Bias, Buy Us, or Alright By Us?

Trustees George Ehring and Christine Torgrimson, in response to the civil action filed against them, today stated in the Driftwood ( :

[Note – comments in brackets throughout this post are mine]

“At no time did we believe that we were doing anything wrong….[there is] a contract[s] for [all] work authorized by the Trust’s treasurer and supervised by Trust staff….we agreed to become directors of the new societies [Climate Action Council Society and Water Council Society]….They [their private Societies] do valuable work, and in our [your elected Trustees] opinion deserve public [your tax dollar’s] support…..The model is used in other communities, where elected officials have a seat at the table of some of the community groups they fund [I want examples]…If any of the petitioners had contacted us with their concerns, we certainly would have looked carefully into the issue and sought advice….We have no wish to incur the expense associated with legal action….We think there is a better way to address this.”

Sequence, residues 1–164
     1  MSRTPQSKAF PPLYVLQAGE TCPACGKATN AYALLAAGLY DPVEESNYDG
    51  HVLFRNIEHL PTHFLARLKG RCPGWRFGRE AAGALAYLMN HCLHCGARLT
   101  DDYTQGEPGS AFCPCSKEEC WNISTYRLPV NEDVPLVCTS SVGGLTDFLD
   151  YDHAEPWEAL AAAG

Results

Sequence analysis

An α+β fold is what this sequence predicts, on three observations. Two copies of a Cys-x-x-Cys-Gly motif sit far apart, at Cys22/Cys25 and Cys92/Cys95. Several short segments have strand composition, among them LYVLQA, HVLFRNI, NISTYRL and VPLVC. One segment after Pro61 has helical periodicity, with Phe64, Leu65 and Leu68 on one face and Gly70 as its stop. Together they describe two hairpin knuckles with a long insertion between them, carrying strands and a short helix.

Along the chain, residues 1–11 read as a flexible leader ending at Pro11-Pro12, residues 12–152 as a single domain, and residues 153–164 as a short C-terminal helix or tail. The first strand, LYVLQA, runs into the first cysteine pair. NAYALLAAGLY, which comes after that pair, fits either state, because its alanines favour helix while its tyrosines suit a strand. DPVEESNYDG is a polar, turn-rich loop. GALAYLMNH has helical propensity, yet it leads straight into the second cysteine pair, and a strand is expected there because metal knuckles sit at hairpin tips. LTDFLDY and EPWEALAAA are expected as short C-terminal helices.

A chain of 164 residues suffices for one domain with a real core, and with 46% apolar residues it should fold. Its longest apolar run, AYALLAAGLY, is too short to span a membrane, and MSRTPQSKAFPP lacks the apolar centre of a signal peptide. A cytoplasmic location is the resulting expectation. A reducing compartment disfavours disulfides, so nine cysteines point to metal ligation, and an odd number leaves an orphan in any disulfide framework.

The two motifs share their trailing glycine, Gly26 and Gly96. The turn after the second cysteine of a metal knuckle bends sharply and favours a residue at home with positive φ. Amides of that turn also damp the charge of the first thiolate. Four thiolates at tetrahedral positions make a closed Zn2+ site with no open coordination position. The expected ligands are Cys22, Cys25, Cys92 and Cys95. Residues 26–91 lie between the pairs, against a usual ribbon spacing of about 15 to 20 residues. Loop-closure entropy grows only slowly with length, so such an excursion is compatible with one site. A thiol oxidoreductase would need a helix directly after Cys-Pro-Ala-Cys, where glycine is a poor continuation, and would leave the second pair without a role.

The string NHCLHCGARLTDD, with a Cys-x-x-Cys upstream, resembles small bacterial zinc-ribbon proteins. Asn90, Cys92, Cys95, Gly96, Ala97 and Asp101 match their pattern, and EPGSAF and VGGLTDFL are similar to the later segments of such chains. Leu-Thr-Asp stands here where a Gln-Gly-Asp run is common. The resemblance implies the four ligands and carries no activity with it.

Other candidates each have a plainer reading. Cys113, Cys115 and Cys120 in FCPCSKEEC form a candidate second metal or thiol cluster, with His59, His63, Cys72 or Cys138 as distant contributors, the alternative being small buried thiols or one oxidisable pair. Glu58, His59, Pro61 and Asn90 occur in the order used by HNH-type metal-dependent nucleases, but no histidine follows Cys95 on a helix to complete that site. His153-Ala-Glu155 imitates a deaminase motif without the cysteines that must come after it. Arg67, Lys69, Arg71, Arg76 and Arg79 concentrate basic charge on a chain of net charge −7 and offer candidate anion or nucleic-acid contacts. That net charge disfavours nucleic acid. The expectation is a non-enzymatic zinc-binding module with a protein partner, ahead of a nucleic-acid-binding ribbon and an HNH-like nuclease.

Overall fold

Alright, so, what is the problem? In my personal experience as a Trustee, it is now crystal clear to me that the Trustees:

(a) have ignored their legislative duties as Trustees,

(b) have ignored Islands Trust policy,

(c) have ignored the Community Charter provisions of conflict,

(d) have ignored the provincial Ministry Ethical Guidelines regarding conflict of interest,

(e) have improperly participated in the affairs of the two Societies they helped to create,

(f) have misunderstood the total inappropriateness of relying upon the “models” referred to in their relationship to the legislative requirements and restrictions of a quorum of the Local Trust Committee,